Student impulsivity in decision making with computer simulations

John King, Rhonda King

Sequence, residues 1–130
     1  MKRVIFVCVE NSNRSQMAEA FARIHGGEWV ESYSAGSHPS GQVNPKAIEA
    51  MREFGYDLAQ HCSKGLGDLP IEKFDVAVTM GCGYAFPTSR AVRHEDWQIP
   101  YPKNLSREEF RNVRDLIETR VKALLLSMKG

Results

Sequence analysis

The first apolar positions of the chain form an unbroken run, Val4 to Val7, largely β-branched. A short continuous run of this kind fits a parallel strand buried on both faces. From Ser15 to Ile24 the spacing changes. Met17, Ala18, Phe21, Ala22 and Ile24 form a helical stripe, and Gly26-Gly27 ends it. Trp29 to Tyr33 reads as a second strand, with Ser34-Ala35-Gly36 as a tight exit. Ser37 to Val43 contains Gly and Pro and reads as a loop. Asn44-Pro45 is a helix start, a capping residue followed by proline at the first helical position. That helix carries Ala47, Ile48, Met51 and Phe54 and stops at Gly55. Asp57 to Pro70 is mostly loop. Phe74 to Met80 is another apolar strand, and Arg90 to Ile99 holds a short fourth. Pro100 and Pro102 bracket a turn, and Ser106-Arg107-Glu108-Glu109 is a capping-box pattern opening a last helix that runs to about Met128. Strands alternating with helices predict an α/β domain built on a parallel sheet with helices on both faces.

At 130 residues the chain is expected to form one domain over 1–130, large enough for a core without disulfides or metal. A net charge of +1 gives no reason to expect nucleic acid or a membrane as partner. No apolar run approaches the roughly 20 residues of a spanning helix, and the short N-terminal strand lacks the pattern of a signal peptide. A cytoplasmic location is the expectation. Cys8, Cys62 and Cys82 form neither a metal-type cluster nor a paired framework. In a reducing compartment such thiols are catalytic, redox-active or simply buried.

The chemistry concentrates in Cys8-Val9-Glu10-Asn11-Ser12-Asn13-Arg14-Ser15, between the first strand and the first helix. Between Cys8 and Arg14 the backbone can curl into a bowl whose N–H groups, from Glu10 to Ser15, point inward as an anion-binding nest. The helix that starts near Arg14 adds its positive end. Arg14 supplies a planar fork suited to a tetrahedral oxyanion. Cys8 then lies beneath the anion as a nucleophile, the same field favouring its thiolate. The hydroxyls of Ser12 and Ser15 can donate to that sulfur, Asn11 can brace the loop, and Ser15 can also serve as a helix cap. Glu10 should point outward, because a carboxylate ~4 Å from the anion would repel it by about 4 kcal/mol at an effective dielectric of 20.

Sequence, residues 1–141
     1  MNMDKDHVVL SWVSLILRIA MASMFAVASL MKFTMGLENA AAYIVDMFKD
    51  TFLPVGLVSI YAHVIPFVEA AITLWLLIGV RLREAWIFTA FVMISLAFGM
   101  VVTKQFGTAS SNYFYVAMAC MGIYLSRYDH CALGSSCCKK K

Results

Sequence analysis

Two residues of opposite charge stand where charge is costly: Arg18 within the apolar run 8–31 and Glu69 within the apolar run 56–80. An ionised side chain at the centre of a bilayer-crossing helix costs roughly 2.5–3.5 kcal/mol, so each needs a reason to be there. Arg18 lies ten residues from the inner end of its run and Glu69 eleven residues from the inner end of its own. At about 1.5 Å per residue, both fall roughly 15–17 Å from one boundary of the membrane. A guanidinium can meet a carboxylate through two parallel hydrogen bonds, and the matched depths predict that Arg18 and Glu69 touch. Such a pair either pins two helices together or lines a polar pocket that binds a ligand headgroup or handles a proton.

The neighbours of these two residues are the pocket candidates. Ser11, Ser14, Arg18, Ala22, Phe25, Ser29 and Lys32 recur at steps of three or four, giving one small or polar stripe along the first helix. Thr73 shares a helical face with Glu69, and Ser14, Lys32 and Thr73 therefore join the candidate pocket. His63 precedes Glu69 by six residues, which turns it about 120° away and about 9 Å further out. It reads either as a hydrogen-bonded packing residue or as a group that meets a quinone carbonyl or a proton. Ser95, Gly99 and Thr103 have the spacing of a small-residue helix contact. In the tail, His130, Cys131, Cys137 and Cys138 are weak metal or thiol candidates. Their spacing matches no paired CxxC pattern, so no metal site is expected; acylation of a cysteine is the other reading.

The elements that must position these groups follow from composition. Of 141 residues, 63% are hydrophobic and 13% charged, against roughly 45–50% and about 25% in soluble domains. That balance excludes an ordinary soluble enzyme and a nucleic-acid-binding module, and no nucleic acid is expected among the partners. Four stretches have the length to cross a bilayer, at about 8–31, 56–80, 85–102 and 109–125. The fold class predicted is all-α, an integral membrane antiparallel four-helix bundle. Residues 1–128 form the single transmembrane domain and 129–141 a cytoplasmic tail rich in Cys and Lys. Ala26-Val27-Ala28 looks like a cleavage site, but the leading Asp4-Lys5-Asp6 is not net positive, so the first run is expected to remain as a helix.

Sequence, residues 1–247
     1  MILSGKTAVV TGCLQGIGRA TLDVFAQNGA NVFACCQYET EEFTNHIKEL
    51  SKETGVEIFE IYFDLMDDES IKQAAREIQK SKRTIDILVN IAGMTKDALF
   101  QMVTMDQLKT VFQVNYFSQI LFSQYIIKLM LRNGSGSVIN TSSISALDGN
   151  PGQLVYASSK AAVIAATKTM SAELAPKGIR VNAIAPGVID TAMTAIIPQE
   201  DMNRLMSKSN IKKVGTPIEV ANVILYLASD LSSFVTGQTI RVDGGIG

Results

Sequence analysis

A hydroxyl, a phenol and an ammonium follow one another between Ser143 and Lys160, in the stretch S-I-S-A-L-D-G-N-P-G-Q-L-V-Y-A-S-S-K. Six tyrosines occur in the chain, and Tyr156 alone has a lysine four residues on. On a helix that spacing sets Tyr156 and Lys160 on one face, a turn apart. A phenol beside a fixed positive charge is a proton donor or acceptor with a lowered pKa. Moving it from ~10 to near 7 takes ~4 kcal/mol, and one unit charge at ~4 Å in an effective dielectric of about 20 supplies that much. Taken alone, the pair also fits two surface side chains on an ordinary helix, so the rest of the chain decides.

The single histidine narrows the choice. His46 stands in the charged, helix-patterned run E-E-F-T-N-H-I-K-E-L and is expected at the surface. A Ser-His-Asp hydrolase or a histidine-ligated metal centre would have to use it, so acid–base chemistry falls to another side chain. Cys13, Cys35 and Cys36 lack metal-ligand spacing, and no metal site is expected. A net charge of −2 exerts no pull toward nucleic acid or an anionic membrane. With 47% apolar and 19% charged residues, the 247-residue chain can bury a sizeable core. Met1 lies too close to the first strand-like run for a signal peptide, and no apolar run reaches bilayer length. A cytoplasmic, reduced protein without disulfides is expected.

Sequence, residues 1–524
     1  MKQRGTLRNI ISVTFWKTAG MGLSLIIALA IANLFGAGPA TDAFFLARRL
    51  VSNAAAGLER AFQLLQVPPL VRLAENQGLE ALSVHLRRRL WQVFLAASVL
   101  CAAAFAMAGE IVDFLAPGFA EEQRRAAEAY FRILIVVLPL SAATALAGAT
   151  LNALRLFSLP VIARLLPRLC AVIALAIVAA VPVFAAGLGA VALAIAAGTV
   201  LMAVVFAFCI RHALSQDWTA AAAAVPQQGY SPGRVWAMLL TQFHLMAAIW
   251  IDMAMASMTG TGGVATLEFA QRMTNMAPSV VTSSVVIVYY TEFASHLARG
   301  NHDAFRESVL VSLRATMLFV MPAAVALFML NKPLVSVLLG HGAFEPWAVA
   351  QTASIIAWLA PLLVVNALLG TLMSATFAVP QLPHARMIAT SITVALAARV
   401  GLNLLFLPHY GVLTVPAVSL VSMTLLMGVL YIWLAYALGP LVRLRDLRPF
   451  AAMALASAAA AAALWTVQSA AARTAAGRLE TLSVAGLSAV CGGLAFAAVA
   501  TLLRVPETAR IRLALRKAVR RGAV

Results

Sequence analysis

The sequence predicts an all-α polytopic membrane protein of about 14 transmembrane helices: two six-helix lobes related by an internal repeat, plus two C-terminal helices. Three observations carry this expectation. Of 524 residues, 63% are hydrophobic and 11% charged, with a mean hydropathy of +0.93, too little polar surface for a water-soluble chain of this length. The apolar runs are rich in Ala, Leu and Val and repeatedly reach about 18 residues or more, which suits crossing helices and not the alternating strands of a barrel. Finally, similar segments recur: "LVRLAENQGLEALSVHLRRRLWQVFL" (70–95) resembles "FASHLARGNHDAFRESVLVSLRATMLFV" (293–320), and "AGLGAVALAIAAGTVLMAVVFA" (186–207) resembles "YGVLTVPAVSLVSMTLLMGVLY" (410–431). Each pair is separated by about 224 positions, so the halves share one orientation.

A series of decision-making activities in real-life and life-like situations were undertaken by a class of year six primary school students over a period of three months. Students played the computer simulation Shipwreck before and after the activities. During the simulation sessions, interactions between pairs of students were audio taped. Other data recorded included the survival scores generated by the program, the time of play for each pair and responses to questions at the end of the game sessions and at the end of the experiment. A control class played the game at the same times and the same data were recorded. Results suggest that while the treatment group showed no reduction in impulsivity in decision making, they remained stable in this respect compared to the control group.

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